Words like hard, nervous, hate, long, and boring come pouring out of kids’ mouths whenever asked about standardized testing. Sometimes gum gets heard, too, but only because teachers are catching on to the research that chewing it during testing is associated with a 3% increase in math scores on standardized assessments. Small, yes, but considered “statistically significant,” so why not? Ditto when it comes to homework.
As for all those negatives, it’s really no wonder. Fact is, as the Council of Great City Schools reports, our kids take about 112 standardized tests between kindergarten and high school graduation, equating to about eight annually. That, in turn, translates to between 20 to 25 hours of class time every year!
The result: A collective parent and teacher uproar and the strengthening of what has become known as the Opt-Out Movement. And, rest assured, despite former Education Secretary Arne Duncan’s conclusion that opt-outers are just “white suburban moms” unhappy with falling scores, this movement has multi-colored legs here in Pennsylvania and across the country.
Indeed, last spring in Lower Merion, several teachers and parents took a stand against the high stakes Pennsylvania System of School Assessment (PSSA). Saying, “Our kids and schools are more than a score,” they offered yard signs for one dollar apiece to residents, and every one of them was quickly scooped up. In the end, about 200 of the district’s children didn’t participate in the testing. In Philly, that number hit 595, with another 186 sitting out the Keystone Exams. Indeed, anti-testing pressure ultimately forced Governor Wolfe to postpone those Keystones as a graduation requirement until 2019. Meanwhile, across the commonwealth, some 4,500 students opted out last time around.
But, according to FairTest’s findings, those numbers pale in comparison to the more than 620,000 students in the 14 states that reported–some 240,000 of them in New York State alone. In New Jersey, the figure hit 110,000, and these numbers are sure to grow this spring.
Not everyone is pleased with that outlook, however, and that includes the National Parent Teacher Association, which takes the position that:
“Tests and assessments are used most frequently to help students, teachers, schools, and parents know what students have learned and what they still need to study.”
“Teachers can use information from assessments to design lessons that meet the needs of their students.”
“School districts and states use assessment results to evaluate whether they are meeting their goals.”
“Assessments also are used by policy-makers for accountability—to help gauge the effectiveness of programs and schools…”
Then there’s this from Pam Stewart, Florida’s education commissioner to every district: “… My belief is that students that do not want to test should not be sitting in public schools, as it is mandatory and required for students seeking a standard high school diploma. Statewide, standardized assessments are part of the requirement to attend school, like immunization records. That is our message and what we send to you to be shared with your staff.”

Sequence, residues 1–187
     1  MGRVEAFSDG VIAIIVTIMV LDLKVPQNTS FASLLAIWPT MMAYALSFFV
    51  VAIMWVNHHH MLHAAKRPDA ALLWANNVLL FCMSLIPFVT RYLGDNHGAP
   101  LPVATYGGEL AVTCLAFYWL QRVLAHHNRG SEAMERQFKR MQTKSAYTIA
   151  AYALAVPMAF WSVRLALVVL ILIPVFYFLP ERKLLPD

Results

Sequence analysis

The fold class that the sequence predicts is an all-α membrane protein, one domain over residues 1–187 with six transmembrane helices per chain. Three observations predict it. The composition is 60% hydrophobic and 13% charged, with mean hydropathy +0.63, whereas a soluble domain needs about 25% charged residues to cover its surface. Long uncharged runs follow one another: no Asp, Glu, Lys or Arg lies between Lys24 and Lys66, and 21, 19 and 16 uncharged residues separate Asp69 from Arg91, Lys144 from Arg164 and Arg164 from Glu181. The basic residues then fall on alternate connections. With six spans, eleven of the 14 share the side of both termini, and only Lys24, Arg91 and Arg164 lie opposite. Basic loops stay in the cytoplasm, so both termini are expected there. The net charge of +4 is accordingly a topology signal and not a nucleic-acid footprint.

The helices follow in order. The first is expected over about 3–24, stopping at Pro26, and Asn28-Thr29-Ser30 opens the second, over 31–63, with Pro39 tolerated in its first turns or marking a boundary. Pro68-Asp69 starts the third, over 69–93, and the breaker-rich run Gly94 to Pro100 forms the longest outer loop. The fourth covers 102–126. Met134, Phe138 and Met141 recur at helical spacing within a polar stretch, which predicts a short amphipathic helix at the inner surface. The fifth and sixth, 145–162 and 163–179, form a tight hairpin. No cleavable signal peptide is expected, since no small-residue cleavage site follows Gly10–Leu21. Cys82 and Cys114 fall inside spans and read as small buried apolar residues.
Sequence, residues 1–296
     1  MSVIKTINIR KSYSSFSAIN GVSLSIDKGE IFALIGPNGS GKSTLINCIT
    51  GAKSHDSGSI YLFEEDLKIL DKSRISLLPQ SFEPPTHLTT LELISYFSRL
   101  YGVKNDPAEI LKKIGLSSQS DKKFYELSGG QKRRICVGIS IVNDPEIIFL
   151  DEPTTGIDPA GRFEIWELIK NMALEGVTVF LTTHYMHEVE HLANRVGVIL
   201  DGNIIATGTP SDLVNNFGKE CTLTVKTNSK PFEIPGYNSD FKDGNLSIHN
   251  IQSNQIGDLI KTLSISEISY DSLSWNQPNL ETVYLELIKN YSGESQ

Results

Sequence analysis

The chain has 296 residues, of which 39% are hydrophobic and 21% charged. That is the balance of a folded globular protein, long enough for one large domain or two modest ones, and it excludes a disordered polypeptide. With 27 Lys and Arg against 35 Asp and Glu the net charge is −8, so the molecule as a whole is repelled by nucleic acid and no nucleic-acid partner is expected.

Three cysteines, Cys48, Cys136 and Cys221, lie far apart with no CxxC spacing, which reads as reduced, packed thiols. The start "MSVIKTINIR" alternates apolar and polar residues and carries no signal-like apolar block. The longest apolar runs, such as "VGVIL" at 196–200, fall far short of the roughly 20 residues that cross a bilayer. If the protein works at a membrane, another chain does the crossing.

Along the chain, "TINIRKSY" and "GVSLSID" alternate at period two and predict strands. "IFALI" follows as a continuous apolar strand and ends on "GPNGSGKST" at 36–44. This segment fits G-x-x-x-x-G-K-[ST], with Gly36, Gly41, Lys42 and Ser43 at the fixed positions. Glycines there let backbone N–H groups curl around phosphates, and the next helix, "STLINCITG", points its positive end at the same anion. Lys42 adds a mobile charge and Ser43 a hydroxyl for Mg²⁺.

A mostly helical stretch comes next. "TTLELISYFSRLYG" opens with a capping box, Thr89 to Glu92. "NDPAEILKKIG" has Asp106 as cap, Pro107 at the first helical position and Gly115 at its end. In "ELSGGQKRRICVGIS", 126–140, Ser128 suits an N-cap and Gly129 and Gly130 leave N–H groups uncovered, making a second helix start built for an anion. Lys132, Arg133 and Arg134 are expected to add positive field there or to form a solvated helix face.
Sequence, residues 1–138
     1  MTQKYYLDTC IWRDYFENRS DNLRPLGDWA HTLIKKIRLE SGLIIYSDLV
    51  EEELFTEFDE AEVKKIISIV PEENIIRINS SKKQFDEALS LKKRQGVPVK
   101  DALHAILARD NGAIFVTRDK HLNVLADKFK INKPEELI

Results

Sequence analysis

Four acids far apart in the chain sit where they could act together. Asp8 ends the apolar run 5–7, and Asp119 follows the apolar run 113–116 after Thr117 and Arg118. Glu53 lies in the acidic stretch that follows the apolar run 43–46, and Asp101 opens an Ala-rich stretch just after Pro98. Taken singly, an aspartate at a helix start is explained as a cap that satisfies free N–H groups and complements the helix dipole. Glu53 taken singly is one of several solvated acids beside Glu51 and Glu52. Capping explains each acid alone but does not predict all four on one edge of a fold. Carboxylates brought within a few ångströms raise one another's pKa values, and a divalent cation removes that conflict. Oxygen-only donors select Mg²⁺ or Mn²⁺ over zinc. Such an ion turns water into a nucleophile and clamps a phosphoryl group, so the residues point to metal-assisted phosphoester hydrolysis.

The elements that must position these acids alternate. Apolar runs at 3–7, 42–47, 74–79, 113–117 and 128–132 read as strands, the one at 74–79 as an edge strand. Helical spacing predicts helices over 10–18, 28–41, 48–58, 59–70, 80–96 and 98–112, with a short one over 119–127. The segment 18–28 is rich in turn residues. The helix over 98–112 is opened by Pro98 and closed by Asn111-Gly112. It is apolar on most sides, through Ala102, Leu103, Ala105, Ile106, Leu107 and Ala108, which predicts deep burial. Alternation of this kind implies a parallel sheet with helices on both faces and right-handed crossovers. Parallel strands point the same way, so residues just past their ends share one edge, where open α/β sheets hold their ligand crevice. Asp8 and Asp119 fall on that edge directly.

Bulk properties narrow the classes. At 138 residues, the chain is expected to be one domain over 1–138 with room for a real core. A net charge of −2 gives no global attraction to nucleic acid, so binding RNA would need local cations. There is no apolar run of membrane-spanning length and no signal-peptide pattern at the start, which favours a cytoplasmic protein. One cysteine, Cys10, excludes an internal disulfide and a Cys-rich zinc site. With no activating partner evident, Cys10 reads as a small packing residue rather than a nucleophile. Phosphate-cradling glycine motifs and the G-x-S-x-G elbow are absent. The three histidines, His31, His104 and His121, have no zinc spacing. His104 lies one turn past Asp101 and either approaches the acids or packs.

Nevertheless, the movement grows. Just this past February, the 2016 United Opt-Out Conference was held in Philadelphia, and one of its major goals was doing a better job of reaching out to minority families to join. Moreover, as the organization reminds us: The movement is about “much more than simply refusing high-stakes tests.”
For starters, the government sponsored and funded Common Core-aligned assessments—PARCC and SBAC—are more rigorous than those they replaced, so scores have slipped and anxiety levels have risen. Add that to the fact that 42 states and D.C.—up from 15 in 2009—now require that “student growth and achievement be considered in evaluations of public school teachers.” Stoking the flames, New York Governor Cuomo went and proposed that 50% of a teacher’s evaluation be based on those test scores. Oh, yes, in 28 states, an “ineffective rating” is cause for dismissal.
Then there’s the fact that the K-12 education market pulls in more than $700 billion a year!
And one last tidbit: New Jersey is, for now anyway, the only state in the union to use the PARCC Common Core-aligned assessment as a graduation requirement—a purpose for which it was never designed. Stan Karp, director of the Secondary Reform Project of the Newark-based Education Law Center is, therefore, hoping to pressure the Department of Education to give this year’s graduating class a pass.
At the same time, the California Alliance of Researchers for Equity in Education has joined a call for an end to high-stakes testing, saying that “there is no ‘compelling’ evidence to support the idea that the Common Core State Standards will improve the quality of education for children or close the achievement gap, and that Common Core assessments lack “validity, reliability and fairness.”
Then there’s this from Peter Gray, a research professor at Boston College: “The evidence is overwhelming that our national mania for testing—and for so much time in school and at schoolwork—is damaging the physical and psychological health of our children.”
Agree? Disagree? Stay tuned; the testing season is gearing up again–and so are the opt-outers.